The Bandwagon Effect

This one should need no introduction. The bandwagon effect is where the uptake of something increases the more that it has been adopted by others. The bigger the bandwagon, the more people decide to ignore their personal misgivings, and blindly follow the behaviour of others. This is a cognitive bias that has been used positively by the Fantasy community. Like investors buying a fast-rising stock without doing their usual research, Fantasy managers often jump on early-season bandwagons to make some quick money, in the form of team value.

Recency Bias

Recency bias is where we disproportionately focus our attention on recent information. Recency bias can often lead to ‘chasing points’, as we focus too much on a player’s latest performance, rather than on their overall prospects. That said, form remains the best predictor we have of future performance. The hot-hand fallacy is the error we supposedly make when expecting an in-form player to continue their success. Research now suggests that it might not actually be a fallacy, however, as performance is boosted by the confidence success brings. Another example of Fantasy managers falling for recency bias occurs in pre-season, where we look for the players that match the characteristics of last season’s stars. This summer, we will look for ‘the next Riyad Mahrez’ and ‘the next Jamie Vardy’, trying to find situations which mirror those at Leicester a year ago. Last summer, we looked for ‘the next Charlie Austin’, scouting the promoted sides for prolific forwards. Before that, it was ‘the next Michu’, and we looked closely at cheap players arriving from overseas, following the Spaniard’s goalscoring exploits. With the successes of these players fresh in our minds, we make the mistake of assuming that next season’s bargains will follow the same narratives.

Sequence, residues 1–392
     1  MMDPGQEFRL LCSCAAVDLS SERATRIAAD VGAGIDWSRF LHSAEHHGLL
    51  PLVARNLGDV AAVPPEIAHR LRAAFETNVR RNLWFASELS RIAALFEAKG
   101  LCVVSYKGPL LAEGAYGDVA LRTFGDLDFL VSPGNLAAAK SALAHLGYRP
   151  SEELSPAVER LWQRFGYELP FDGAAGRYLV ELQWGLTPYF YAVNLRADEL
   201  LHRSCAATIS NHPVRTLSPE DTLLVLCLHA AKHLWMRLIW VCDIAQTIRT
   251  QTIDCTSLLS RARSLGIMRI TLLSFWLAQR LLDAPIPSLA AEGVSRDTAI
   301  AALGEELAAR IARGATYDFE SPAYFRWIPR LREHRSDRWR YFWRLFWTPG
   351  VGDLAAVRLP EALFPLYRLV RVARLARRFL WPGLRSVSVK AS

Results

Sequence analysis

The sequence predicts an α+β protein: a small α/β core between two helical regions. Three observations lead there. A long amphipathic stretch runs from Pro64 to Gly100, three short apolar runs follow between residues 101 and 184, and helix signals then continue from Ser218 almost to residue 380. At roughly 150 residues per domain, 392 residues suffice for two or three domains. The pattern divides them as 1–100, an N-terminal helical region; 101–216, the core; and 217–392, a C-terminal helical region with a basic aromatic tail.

The Psuedocertainty Effect

The pseudocertainty effect is the tendency to take fewer risks when you are confident of success, and more risks when you are not. This can be seen when managers with a good rank play it safe, and struggling managers take wild punts in an attempt to catch up. Interestingly, game theory suggests that this cognitive bias can lead to good decision-making. This is because the goal of Fantasy football is not to score as many points as possible, but to score more points than everyone else. The value of differentials, or low-ownership players, is that if they do well, they give you a big advantage over your opposition. Likewise, blocking moves to limit the chances of an opponent overtaking you is a viable, risk-averse tactic, such as bringing in the player your rival is likely to captain. That said, Fantasy Football is certainly not a game in which everyone behaves identically. As a result, the best differential can be to simply focus on scoring as many points as possible, given that it is very unlikely that anyone else will make the same decisions as you every week.

38 Comments Post a Comment
  1. J0E
    • Fantasy Football Scout Member
    • Has Moderation Rights
    • 12 Years
    5 years, 7 months ago

    Thanks for this. Excellent article - I'll look to theme today's daily hot topic around this. 🙂

  2. Doosra - ☭A Noble Grape…
    • Fantasy Football Scout Member
    • 12 Years
    5 years, 7 months ago

    This is a great article. Thank you.

    I especially loved the "Projection Bias". But you have left one out ... 😉